Can you “boost” your metabolism by exercising more? Well, it’s complicated. Diving deep into surprising truths about how the body conserves and expends energy in the form of calories, Dr. Jen Gunter reveals what your metabolism actually does, the role of exercise — and other things weight loss culture doesn’t want you to know. 








Now decide if the sentences below are

true or false?


1. Metabolism is the general process by which living cells use the energy needed to stay alive.

2. Growing hair isn’t an instance of metabolism.

3. Unless you’re a professional athlete, exercise is a small percentage of one’s daily calorie burn.

4. Closingand then opening one’s eyes quickly also accounts for one’s calorie expenditure.

5. The thinner a person is, the more calories he/she burns.

6. If we take up exercise, the amount of energy we use never changes.

Key: 1T; 2F; 3T; 4T; 5F; 6F



  • to hack – to manage to deal successfully with something
  • burpee – an exercise move that involves dropping from standing into a squat then thrusting your legs into a plank or pushup position, then back to the squat position before returning to standing
  •  be getting at something to be trying to say something in a way that is difficult for other people to understand
  • marketing-speak the special language used in a particular subject area or business


Practice makes perfect

Fill in the gaps in the article with the words in bold below:

obesity            expectancy     worked out    sedentary       slackers

alleviate          premature                 shrink                        hazardous


Work It Out: More Activity = Slower Aging

Warning, couch potatoes: resting on your laurels may be 1. ……… to your health, not to mention make you old before your time.

“A 2. ……….. lifestyle increases the propensity to aging-related disease and 3. ……… death,” researchers at King’s College London report today in the journal Archives of Internal Medicine. “Inactivity may diminish life 4. …………. not only by predisposing to aging-related diseases but also because it may influence the aging process itself.”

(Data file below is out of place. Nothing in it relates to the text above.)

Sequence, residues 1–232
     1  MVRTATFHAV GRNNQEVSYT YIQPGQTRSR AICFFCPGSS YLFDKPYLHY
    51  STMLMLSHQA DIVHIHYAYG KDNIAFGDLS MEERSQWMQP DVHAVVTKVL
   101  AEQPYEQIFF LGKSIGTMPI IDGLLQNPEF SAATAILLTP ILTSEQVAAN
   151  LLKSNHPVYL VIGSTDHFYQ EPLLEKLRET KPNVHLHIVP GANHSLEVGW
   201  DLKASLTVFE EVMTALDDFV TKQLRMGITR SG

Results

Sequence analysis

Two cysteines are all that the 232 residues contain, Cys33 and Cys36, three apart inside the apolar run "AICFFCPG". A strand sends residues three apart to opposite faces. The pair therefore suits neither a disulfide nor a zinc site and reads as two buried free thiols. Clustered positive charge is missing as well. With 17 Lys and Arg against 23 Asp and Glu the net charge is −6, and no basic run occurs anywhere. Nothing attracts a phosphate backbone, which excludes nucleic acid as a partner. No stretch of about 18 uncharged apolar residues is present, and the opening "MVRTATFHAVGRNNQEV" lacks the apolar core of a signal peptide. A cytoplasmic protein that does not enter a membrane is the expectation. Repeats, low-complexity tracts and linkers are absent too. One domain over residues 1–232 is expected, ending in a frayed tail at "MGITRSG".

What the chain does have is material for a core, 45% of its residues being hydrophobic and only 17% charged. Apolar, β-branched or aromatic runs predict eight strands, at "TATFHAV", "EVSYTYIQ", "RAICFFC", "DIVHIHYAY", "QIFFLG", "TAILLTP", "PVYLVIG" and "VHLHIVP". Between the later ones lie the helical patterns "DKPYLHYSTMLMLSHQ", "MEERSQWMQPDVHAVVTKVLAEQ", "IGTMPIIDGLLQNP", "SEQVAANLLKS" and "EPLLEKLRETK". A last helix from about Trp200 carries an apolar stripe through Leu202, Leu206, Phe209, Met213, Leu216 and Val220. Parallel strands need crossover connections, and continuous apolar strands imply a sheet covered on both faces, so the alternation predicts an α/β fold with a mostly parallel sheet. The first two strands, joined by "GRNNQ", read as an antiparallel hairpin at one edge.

Researcher Lynn Cherkas and colleagues reached their conclusions by examining the genetic material extracted from blood samples of some 2,400 twins. They specifically studied the length of telomeres (repeated DNA sequences) on the ends of chromosomes in leukocytes (white blood cells); the protective caps are believed to be markers of biological aging, because they 5. ……….. over time.

Their findings: the telomeres of subjects who exercised the most (an average of 199 minutes weekly) were longer than those of volunteers who 6. ……. the least (a mere 16 minutes or less a week). The discrepancy was enough, researchers wrote, to suggest that the exercise mavens were on average as much as a decade biologically younger than the 7. ……… .

“Such a relationship between leukocyte telomere length and physical activity level remained significant after adjustment for body mass index, smoking, socioeconomic status and physical activity at work,” the authors report. (…) the most active subjects had telomeres the same length as sedentary individuals up to 10 years younger, on average.”

The scientists speculate that stress, inflammation and oxidative stress (cell damage caused by oxygen exposure) may be responsible for shortened telomeres in physically inactive people. Exercise is among the factors found to help 8. …….. stress. Previous research has linked regular workouts to lower rates of cardiovascular disease, type 2 diabetes, cancer, high blood pressure, 9. ……… and osteoporosis.

The researchers note that their findings support U.S. guidelines calling for individuals to exercise moderately for 30 minutes at least five days a week. “Our results. . . show that adults who partake in regular physical activity are biologically younger than sedentary individuals,” they say. (…)

To read the whole article/check your answers, go to: https://www.scientificamerican.com/article/new-study-links-exercise-to-longevity


Key: 1. hazardous; 2. sedentary; 3. premature; 4. expectancy; 5. shrink; 6. worked out; 7. slackers; 8. alleviate; 9. obesity





  • How often do you exercise?
  • Do you wish you could exercise more?
  • Do you reckon people who exercise are happier than those who don’t?
  • Which exercise do you prefer: jogging, cycling or swimming?
  • Does exercising make your brain work better?
  • If exercise makes you live a lot longer, why do so many people not bother to do it?


Explore more to create your own teaching-learning experience!


Exercise Is Good for You

The Exercise Industry May Not Be

Amid the marketing of unattainable physical ideals, it’s easy to forget what made fitness fun.